The ALP has announced its election policies on the private health insurance rebate for ‘natural therapies’ and on investigations into so-called wind farm syndrome.
As part of its “Budget repair strategy”, the ALP says that, should it win government, the Private Health Insurance Rebate will no longer be available for natural therapies from 1 July 2017.
“The Review of the Australian Government Rebate on Private Health Insurance for Natural Therapies, which was initiated by the former Labor government, found that there was no clear evidence that the natural therapies that were covered by the review were clinically effective.”
The ALP statement claims that this expenditure saving will improve the budget by $180.2 million over the forward estimates, and $704.7 million over the medium term.
At a press conference on Friday, June 10, Shadow Treasurer Chris Bowen said there was nothing wrong with seeking natural therapies like aromatherapy, herbalism or iridology.
“I myself use them from time to time – my personal favourite is the Bowen treatment, I can recommend it to you. But in times of difficult budgetary situations, it is not appropriate for taxpayers to have to fund and subsidise private health insurance cover for these treatments.”
Wind farm syndrome
The ALP has also announced that it will abolish the National Wind Farm Commissioner and the Independent Scientific Commission on Wind Turbines.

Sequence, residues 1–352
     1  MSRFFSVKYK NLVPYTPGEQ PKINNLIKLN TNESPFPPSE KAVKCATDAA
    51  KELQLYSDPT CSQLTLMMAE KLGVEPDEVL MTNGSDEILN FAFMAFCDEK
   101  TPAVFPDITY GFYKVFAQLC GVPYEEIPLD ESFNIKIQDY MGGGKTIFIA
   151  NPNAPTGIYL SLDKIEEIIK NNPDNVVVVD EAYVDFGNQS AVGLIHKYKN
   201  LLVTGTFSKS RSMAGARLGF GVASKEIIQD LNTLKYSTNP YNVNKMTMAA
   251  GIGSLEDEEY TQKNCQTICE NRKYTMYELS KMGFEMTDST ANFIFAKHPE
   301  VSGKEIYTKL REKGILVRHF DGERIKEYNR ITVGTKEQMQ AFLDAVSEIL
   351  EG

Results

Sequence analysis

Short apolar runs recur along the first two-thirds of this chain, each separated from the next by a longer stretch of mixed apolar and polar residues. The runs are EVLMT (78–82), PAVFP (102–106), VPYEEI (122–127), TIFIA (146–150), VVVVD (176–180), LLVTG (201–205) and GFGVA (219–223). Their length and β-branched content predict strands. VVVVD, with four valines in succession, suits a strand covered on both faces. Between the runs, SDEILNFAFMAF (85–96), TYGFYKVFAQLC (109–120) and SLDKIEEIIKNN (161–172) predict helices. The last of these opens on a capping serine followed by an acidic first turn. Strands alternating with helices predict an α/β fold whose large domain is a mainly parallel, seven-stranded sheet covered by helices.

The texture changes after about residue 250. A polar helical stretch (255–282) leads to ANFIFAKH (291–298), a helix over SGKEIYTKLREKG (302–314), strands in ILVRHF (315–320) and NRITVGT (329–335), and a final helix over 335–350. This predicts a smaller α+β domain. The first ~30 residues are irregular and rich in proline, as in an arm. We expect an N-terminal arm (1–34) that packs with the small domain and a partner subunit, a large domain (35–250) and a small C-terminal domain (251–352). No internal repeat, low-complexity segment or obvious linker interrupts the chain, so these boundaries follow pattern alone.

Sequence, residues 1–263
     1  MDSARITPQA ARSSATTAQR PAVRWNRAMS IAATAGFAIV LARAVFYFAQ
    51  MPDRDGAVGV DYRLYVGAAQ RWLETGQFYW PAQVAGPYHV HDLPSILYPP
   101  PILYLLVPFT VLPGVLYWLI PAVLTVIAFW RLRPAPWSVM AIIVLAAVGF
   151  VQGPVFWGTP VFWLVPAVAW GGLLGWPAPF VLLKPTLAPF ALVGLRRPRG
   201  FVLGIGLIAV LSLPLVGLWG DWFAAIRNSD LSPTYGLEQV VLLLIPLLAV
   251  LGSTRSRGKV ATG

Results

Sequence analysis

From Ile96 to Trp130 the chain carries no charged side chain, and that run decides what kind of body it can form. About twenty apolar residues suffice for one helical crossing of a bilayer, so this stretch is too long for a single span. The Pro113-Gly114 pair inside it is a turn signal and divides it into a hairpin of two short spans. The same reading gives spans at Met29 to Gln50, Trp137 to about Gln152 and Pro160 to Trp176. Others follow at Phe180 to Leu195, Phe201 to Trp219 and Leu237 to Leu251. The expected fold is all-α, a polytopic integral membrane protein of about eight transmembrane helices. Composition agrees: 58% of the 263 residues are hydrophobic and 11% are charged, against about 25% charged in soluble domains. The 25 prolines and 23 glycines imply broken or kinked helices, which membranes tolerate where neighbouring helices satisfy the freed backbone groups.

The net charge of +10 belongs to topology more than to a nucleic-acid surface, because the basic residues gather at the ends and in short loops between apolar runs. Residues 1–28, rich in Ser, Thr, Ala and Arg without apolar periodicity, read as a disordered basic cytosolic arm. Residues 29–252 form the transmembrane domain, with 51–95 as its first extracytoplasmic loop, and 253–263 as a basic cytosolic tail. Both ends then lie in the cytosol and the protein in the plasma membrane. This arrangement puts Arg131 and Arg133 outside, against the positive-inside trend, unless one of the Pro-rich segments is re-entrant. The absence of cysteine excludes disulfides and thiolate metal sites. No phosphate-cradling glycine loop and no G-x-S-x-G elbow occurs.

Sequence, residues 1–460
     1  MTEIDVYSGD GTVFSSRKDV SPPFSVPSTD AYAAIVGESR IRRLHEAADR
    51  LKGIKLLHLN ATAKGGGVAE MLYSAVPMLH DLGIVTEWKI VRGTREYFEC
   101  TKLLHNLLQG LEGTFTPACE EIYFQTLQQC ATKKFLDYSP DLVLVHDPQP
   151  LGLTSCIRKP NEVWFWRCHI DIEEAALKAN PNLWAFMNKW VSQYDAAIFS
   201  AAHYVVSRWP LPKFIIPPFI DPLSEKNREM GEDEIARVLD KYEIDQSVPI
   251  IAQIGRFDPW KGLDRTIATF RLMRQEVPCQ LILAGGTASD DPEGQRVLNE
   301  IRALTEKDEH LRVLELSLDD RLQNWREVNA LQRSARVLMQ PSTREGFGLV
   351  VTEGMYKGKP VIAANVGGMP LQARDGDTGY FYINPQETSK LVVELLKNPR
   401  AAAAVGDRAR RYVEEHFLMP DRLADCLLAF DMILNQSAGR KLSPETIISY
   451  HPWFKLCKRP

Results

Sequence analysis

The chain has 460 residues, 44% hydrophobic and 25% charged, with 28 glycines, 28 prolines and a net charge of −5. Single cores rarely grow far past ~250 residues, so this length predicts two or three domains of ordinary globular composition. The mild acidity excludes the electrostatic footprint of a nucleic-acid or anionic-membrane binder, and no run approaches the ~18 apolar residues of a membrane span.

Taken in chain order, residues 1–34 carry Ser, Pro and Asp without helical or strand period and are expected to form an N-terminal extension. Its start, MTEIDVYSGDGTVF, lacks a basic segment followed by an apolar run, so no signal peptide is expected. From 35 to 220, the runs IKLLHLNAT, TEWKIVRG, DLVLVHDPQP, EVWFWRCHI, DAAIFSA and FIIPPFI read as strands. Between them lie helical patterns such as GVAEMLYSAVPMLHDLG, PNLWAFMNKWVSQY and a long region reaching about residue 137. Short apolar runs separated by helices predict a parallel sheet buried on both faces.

“A Labor government will not continue with a position that is little more than a sop to reactionary views about renewable energy. The National Health and Medical Research Council has previously found there is no consistent evidence that a problem exists.”
This expenditure saving is claimed to improve the budget by $1.6 million over the forward estimates and the medium term.
The position of National Wind Farm Commissioner was established in October 2015 for an initial period of three years by the Minister for the Environment, Greg Hunt.
The Commissioner’s role is to “receive, handle and refer complaints about wind farms from concerned residents to industry and/or state authorities, and help to ensure complaints are properly addressed”. At the time of its launch, it was said it would draw on the work of the Independent Scientific Committee on Wind Turbines established by the government on possible health and environmental impacts of wind farms.